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  1. #1
    Join Date
    Nov. 22, 2008
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    33

    Default selling a yearling pony colt?+a size question update-vid added. NEW UPDATE pg.2

    ***what follows is an old thread, I added an update to it on page two, post #28***

    I have a yearling colt here at the farm out of my Conn/dutch mare and by a Hanoverian stallion (Rapture R). I am thinking about selling him but I am not sure if its worth trying - is there a market for yearling ponies? He is super-fancy with a very supple and bouncy trot with tons of shoulder freedom. But at the moment he is a bit fugly and of course then there is the size question. I have no experience with ponies, so I don't know how they grow. I actually thought he may end up quite big because of his pedigree (mostly horse) but right now he is quite small (same size as my 2 month old dutch colt) and has not been growing much since last summer (still wears the same tiny halter).
    Is there a market for yearling ponies (dressagey movement)? Also he is still intact, so considering his movement and temperament I would definitely say he is quality enough to be a breeding stallion, does that make a difference?

    VIDEO LINKS ADDED IN A POST BELOW

    *** Page 2, post 28 - new update, nearly a year later***
    Last edited by TreadstoneFarm; Mar. 7, 2010 at 10:48 AM. Reason: update
    Breeder of Dutch Warmbloods
    www.treadstonefarm.com



  2. #2
    Join Date
    May. 25, 2006
    Location
    Nor Cal
    Posts
    1,938

    Default

    how tall is he? with the horse breeding he is likely to take longer to mature. My purebred ponies tend to put on the majority of their size in the first two years. After age two they definitely continue to grow but at a much slower pace. With the colts/geldings we find they are more more marketable once they have been started undersaddle, (or at least demonstrating they are competitive on the line) and the nice ones are especially worth waiting on.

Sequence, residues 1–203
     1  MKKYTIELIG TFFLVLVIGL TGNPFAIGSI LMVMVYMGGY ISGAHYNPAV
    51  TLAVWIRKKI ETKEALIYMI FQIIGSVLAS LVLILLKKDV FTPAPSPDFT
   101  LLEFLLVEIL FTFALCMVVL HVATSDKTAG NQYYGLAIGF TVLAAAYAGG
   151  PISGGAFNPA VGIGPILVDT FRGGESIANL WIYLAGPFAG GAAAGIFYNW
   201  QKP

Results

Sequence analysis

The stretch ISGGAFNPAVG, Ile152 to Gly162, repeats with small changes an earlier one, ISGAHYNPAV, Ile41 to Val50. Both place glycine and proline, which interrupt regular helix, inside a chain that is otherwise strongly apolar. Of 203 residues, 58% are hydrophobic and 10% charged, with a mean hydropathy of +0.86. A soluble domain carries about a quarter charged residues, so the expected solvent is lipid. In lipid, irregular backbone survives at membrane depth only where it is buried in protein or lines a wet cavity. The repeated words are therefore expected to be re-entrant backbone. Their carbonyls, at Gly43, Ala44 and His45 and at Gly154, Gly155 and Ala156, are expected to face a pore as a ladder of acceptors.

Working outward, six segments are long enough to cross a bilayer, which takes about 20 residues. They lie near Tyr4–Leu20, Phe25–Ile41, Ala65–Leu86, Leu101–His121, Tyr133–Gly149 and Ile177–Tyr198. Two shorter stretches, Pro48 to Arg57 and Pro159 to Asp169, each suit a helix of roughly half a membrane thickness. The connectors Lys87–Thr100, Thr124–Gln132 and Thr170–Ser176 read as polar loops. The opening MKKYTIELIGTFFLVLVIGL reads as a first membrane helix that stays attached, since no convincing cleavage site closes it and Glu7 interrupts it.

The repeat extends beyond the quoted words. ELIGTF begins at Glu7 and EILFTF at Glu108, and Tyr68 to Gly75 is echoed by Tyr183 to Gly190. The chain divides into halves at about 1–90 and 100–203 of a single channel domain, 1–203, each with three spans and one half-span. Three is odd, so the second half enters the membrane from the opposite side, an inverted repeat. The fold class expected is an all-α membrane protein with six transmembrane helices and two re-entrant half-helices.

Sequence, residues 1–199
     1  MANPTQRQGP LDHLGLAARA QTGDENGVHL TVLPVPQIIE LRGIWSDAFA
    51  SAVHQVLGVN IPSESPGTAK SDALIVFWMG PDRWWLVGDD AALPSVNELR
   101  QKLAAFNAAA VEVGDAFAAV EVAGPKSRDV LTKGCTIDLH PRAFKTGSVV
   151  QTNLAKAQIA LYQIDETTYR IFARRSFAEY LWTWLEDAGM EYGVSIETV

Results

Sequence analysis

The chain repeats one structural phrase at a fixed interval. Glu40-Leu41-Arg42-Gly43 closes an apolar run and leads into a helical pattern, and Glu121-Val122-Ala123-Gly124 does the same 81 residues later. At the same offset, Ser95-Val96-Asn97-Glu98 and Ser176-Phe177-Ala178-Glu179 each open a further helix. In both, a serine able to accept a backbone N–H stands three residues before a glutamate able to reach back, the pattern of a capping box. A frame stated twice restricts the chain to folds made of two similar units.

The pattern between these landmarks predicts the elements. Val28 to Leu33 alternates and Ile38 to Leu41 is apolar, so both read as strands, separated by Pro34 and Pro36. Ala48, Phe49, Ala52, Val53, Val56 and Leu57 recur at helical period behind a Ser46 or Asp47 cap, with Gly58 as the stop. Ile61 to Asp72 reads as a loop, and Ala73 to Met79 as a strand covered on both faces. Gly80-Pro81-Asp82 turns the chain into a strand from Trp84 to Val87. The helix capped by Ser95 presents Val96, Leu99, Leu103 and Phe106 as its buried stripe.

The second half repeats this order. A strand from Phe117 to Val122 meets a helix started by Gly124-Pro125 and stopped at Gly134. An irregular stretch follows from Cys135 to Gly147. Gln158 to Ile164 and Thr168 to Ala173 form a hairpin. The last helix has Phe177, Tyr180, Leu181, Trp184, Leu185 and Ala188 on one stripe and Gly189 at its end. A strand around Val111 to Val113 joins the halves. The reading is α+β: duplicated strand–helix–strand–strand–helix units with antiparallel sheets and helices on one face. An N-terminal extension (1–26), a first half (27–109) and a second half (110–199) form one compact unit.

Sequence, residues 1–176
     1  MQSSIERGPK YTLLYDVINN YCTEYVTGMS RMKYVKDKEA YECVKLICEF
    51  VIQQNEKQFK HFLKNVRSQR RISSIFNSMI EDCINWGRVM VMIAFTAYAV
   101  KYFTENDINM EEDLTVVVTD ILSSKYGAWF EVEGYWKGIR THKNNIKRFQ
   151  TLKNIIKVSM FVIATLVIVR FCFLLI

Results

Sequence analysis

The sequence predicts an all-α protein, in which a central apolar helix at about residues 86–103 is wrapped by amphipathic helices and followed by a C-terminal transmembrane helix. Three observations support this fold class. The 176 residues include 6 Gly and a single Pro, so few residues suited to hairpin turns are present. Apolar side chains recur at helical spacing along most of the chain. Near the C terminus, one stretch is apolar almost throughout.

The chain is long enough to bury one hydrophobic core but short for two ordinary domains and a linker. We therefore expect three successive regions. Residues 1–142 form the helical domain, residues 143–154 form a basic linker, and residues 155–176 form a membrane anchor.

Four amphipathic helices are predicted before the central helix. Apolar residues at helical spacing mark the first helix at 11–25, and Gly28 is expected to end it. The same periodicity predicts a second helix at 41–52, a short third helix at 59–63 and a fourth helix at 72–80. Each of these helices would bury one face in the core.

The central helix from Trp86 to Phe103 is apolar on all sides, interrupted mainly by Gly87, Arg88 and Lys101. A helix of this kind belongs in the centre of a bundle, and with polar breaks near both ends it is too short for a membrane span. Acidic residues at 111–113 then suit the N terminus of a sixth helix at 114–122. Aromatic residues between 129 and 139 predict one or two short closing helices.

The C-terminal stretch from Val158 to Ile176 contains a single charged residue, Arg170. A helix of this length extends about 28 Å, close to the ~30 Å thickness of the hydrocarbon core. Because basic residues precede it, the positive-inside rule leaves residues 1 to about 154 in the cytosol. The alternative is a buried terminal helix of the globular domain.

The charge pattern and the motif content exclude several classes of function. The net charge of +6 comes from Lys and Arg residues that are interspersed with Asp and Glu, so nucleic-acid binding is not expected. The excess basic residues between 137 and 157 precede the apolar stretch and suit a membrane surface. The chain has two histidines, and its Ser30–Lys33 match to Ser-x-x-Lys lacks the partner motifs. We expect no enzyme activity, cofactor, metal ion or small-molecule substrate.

3. #3
    Join Date
    Nov. 22, 2008
    Posts
    33

    Default

    So I sticked him the other day and he is around 13hh. So in pony reality that is not that small. He just seems so tiny to me compared to all my dutch WB's.
    So another question, is it worth keeping him intact? With his horse breeding, assuming that he stays under 14.2 himself, would he have a chance as a pony stallion? I know for sure that he is nice enough (gorgeous dressage type movement, also most likely good jump talent based on the dam and sire, cute face, nice color) but I don't know if pony breeders would be interested in breeding to such a "mutt"?
    Breeder of Dutch Warmbloods
    www.treadstonefarm.com



  4. #4
    Join Date
    Jun. 7, 2005
    Location
    Charleston, SC
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    1,476

    Default

    If he is 13hh as a yearling, then it sounds like you have a good chance of him staying pony sized, although with his horse genetics, he may keep growing longer than the typical pony does. How big are his dam and sire? There could be a market for him as a stallion since the warmblood type ponies are becoming more popular, but I couldn't say for sure. There are a lot of nice pony stallions, and one needs to be fairly exceptional to really make a name for himself. Do you have any photos of him to share?
    Quicksilver Farms, LLC
    "Welsh Hunter Ponies"
    Welsh Sec. B Stallions and
    Fancy Show Pony Prospects
    www.quicksilverponies.com



  5. #5
    Join Date
    Jun. 4, 2002
    Location
    Suffolk, VA
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    16,684

    Default

    Well, genetically speaking, he is more WB than pony. He might stay pony sized but with 3/4 WB genes, I'd say he's going to be a late bloomer and may grow considerably more.

    There is not much market for yearling anythings right now honestly. You might market him as a dressage pony prospect but the demand for such yearlings is not that great yet.